En interessant artikkel fra helgens Financial Times om Storbritannias erfaring med Offentlig Privat Samarbeid. Noe å ta med seg i den hjemlige debatten (Note: Mr Bacon er altså Tory – eller Konservativ).
“I first really began to worry about the private finance initiative back in 2003,” says Mr Bacon. “I ran into an investment banker who said: ‘I like the PFI. It’s good for business. We make a lot of money out of it. But as a taxpayer, it really cheeses me off.’ That rather woke me up. This was not a trade unionist complaining. It was a City fat cat getting fatter on the proceeds.”
Mr Bacon is perhaps an unlikely critic of the use of private finance for public goods. He is, after all, a Conservative – the senior partner in the UK’s ruling coalition government – and his party has traditionally advocated a more limited role for the state than its opponents.
But these days his is just one voice amid a rising chorus of parliamentary scepticism that PFI – which has delivered 700 big items of British infrastructure and services in the past 20 years – is proving value for money. In recent weeks, its practitioners have found themselves accused by MPs from all parties of “ripping off the taxpayer”, making excessive returns and “running a racket”.
PFI works a little like the marriage of a mortgage to a full repairing lease. The public sector decides what type of project it wants. The private sector then designs, finances, builds and operates it – usually on a contract of 25-30 years that includes full maintenance. At the end of the contract, the public sector is handed back the project in full working order. If it is delivered late or over budget, or fails to perform once up and running, in theory the private sector pays.
In the past decade many other countries – including Canada, Australia (which invented it) and significant parts of Europe – have adopted PFI-type approaches. Indeed, it has arguably never been more popular, as countries crippled by debt see it as a way of creating social infrastructure without the need for yet more government borrowing. America is taking an increasingly keen interest.
Why has it proved to be so popular? “For three reasons,” a former Treasury adviser says. “Governments think it transfers risks, and works. Because they don’t have to raise the capital now. And because accounting rules mean it often does not count on the government’s books.
Two things can, however, be said with some certainty. First, without the off-balance-sheet financing, this vast array of new infrastructure would not have been built. The last Labour government, which left office in 2010 after 13 years in power, was simply not prepared to borrow to fund it. Second, at least part of the PFI theory has worked.
Unlike much conventional procurement, PFI has overwhelmingly delivered to time and to budget. When it has not, the private sector rather than the taxpayer has almost without exception met the bill. Over the years, John Laing lost £68m when designs for the National Physical Laboratory proved unbuildable; £100m was lost on Dudley hospital in the West Midlands; and, when the PFI constructor and service company Jarvis went bust, the costs fell to the banks not the public.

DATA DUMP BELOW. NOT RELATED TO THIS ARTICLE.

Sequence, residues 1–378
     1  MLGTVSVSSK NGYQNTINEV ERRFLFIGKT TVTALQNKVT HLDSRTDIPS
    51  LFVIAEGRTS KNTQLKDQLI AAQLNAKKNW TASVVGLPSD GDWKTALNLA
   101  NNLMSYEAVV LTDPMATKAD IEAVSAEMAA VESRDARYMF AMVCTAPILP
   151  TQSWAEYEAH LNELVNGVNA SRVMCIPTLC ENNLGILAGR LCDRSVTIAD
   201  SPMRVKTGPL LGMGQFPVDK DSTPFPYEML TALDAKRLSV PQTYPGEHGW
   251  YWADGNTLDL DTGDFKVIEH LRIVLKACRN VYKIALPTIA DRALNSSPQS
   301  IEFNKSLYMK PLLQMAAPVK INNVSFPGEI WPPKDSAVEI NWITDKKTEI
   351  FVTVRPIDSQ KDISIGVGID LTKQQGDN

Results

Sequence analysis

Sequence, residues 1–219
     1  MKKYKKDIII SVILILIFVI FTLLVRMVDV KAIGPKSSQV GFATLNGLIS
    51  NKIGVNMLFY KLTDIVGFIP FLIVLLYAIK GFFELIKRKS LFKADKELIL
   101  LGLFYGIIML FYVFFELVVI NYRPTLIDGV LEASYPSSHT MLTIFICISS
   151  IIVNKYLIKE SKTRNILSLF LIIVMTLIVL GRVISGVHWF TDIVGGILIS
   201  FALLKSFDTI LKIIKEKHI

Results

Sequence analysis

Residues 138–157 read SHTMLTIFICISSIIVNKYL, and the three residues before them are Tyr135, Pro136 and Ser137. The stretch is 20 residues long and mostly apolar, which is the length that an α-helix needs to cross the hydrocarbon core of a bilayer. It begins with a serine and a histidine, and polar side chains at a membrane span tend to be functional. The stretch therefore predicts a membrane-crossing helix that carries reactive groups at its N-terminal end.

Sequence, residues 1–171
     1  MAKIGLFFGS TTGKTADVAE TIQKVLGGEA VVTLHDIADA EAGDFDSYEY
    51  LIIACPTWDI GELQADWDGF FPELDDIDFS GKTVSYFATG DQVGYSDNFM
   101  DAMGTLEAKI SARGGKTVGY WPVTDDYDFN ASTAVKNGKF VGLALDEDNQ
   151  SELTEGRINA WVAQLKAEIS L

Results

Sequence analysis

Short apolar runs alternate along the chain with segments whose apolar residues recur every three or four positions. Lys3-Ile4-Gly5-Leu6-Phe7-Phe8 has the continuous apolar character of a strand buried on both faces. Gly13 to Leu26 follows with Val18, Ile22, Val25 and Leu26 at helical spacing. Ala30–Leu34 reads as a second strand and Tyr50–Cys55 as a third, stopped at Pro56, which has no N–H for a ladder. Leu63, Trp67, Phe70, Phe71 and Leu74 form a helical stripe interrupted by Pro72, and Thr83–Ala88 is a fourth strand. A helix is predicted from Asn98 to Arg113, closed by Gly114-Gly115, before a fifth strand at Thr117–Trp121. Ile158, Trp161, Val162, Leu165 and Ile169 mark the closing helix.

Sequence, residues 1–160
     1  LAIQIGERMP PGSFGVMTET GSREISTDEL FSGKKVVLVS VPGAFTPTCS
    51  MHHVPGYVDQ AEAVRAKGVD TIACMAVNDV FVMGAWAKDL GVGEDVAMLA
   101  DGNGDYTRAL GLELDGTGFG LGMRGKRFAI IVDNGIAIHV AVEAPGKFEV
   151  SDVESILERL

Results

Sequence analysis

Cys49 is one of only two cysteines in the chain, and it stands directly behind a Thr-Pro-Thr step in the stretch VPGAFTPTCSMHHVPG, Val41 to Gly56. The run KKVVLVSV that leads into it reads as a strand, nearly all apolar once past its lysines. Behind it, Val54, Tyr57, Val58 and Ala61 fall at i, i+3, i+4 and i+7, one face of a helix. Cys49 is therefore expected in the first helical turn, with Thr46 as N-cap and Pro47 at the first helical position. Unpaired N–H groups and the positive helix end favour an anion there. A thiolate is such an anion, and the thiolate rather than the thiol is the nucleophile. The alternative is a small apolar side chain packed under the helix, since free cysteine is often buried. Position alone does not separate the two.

PFI contracts, however, have proved very inflexible. It is not just the many tales of £1,000 charged to move a plug socket, or £900 to install a Christmas tree in the Treasury. It is that significant changes in use have all too often proved hugely expensive, making it costly to adapt to changing needs. Sir Peter Dixon, former chair of one of London’s biggest hospitals, complained to parliament that under the contracts “we just had to cough up”.
Furthermore, some of PFI’s virtues have suddenly become vices. Hospitals were built on the assumption of rising health spending and growing business. But spending is now flat for four years, and care is being shifted out of hospitals and into the community to save money. As a result no fewer than 22 PFI hospitals spend so much of their income on fixed PFI payments – up to 18 per cent – that they no longer look financially viable. The health department is almost certain to have to take some of their debt on to its books.
Equally, the idea that the public sector should not skimp on maintenance, running up much bigger bills for later, is a virtue in a normal downturn. But, amid the biggest spending cuts in decades, that has produced “an insane situation”, according to Austin Mitchell, a Labour member of the Commons public accounts committee. “Virtually every other area of spending is being cut, but the return for PFI investors just comes in guaranteed.” It is, he says, “a racket”.
That has produced demands, led by Mr Norman, for a “rebate” on the deals. But this is not on the cards. First, the private sector refuses to reopen long-term contracts voluntarily signed on agreed terms. Second, the ownership of contracts has become vastly complicated as investors have sold their stakes, both to take their profit and to recycle the cash into other projects.
Pension funds, including local authority ones, now own significant parts of the equity and the debt in PFI because the long-term nature of the payments matches their long-term liabilities. In many cases arranging a cash rebate, in the unlikely event that the requisite 20 or 30 people could be gathered in the same room, would look like robbing Peter’s pension to pay Paul, the taxpayer.
Hence the Treasury’s recent search for operational savings instead. Many of these, however, involve cuts in services, such as less frequent cleaning; the public sector taking back risks; or the “mothballing” of facilities that will still have to be paid for.